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Equine Insights: Activating the Thoracic Sling Muscles

Equine Insights: Activating the Thoracic Sling Muscles

Posted by Dr. Hilary Clayton on 3rd Oct 2023

Based on the information in my last blog, Equine Insights: How the Equine Shoulders Affect Performance, it’s obvious that the thoracic sling is an important component in the quest for collection. Lifting the withers by activating the sling is the first stage in achieving the uphill posture and balance required for self-carriage.

Regardless of whether a horse is conformed with high withers or a high croup, learning to activate the thoracic sling muscles will improve posture. I’ll describe a series of exercises to activate and strengthen the sling muscles, some are done from the ground and others are performed under saddle. You don’t have to do all the exercises every day but try to include some of them on a regular basis.

Various Exercises to Try while Activating the Thoracic Sling Muscles with your Horse

Core training exercises are the first stage in activating the thoracic sling muscles. 

  1. The horse is stimulated to raise the withers and back by pressure on the skin between the forelimbs and along the midline of the abdomen. You can scratch the skin with your nails, rub with a curry comb or applying pressure with the blunted end of a hoof pick (Figure 1). Start with light pressure and increase it until the horse raises the withers or back, then stop and reward him verbally or by scratching his neck. Repeat several times, each time taking a short break when the horse responds correctly. Over time, your horse will learn to respond to lighter pressure and the range of motion may increase as the muscles get stronger. I recommend performing 3-5 repetitions on both sides every day.
  2. The horse is stimulated to pull the trunk backward by applying pressure to the sternum on the front of the chest. The pressure should not be so firm that the horse steps back but just enough that the sling muscles are activated to pull the trunk backwards with the forelimbs angled behind the vertical (Figure 1, Image 2). Hold the position for a few seconds then release the pressure and feel the horse’s body move forward. Perform 2-3 repetitions from each side daily.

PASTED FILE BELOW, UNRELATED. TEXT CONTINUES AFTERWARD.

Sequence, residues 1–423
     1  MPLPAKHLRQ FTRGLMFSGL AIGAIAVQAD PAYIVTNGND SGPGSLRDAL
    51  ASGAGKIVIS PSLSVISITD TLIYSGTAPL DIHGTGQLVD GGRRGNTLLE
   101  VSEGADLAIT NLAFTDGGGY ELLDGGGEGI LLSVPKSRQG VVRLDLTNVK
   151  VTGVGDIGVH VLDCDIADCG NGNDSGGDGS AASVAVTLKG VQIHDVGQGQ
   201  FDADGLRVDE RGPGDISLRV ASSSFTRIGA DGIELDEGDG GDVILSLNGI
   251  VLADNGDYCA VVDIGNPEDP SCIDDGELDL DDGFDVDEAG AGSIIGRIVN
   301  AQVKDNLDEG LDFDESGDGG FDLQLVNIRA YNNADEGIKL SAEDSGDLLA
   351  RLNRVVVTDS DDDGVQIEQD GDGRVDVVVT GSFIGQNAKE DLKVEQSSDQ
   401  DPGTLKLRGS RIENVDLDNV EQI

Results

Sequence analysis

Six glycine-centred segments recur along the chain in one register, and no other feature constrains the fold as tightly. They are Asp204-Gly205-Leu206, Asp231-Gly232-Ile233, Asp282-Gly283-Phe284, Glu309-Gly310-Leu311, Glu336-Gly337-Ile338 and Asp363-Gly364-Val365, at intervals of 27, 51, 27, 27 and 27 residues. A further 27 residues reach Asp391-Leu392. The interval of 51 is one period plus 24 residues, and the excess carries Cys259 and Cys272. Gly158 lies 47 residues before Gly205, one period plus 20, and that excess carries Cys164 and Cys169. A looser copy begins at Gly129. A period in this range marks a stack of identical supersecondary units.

Figure 1

Figure 1: Activating the Thoracic Sling Muscles via core training exercises

Lift one forelimb the rock the horse’s chest from side-to-side. The sling muscles on the side of the standing limb are activated to control and stabilize the trunk position (Figure 1, Image 4). Rock the horse on one forelimb for 10-15 seconds alternating between sides for 3 repetitions on each side.

Activating the Thoracic Sling Muscles while Trail Riding: 

  1. Walking downhill with slow, controlled steps is one of the best exercises to stimulate the sling muscles. The horse must do this exercise in self-carriage and not leaning on the bit for support (Figure 2). A good way to check for self-carriage is to halt frequently, which should require only a light rein aid if the horse is indeed carrying himself. On a gradual slope you can add a few steps of rein back to increase the challenge.

Figure 2: Activating the Thoracic Sling Muscles while trail riding and in the arena

Arena exercises to activate the Thoracic Sling Muscles: 

  1. Transitions are a great exercise for activating the core muscles if they are done correctly. The key is not to allow the horse to fall onto the forehand. Focus on maintaining an uphill balance by encouraging the hind limbs to step forward under the body while performing repeated half halts when the horse is at the highest point of the stride (Figure 2). In young horses, transitions between trot and canter are particularly effective, whereas horses with more training benefit from transitions between walk and canter. Transitions within the gaits that are so important for being able to lengthen and shorten thealternating between longer and shorter strides are also effective.
  2. Lateral work is another exercise that stimulates the sling muscles which pull the swinging limb across in front of the grounded limb and, at the same time, stabilize the the horse’s body as his weight shifts from side to side (Figure 3). The alternating action of the muscles in moving the limbs and stabilizing the body is a very good way to coordinate sling muscle activity on the left and right sides of the chest.

    Figure 3: Activating the Thoracic Sling Muscles with lateral exercisesFigure 3: Lateral Work

  3. Gymnastic jumping also benefits the sling muscles as they are activated at take off to raise the forehand and at landing to absorb the forces of the trunk descending between the forelimbs.

In conclusion, there are several exercises to help when Activating the Thoracic Sling Muscles. Each muscle has a special job to support the horse’s physical performance. To learn more about equine fundamentals check out our previous Equine Insights™ by Dr. Hilary Clayton blog posts!

Who is Dr. Hilary Clayton? Learn More!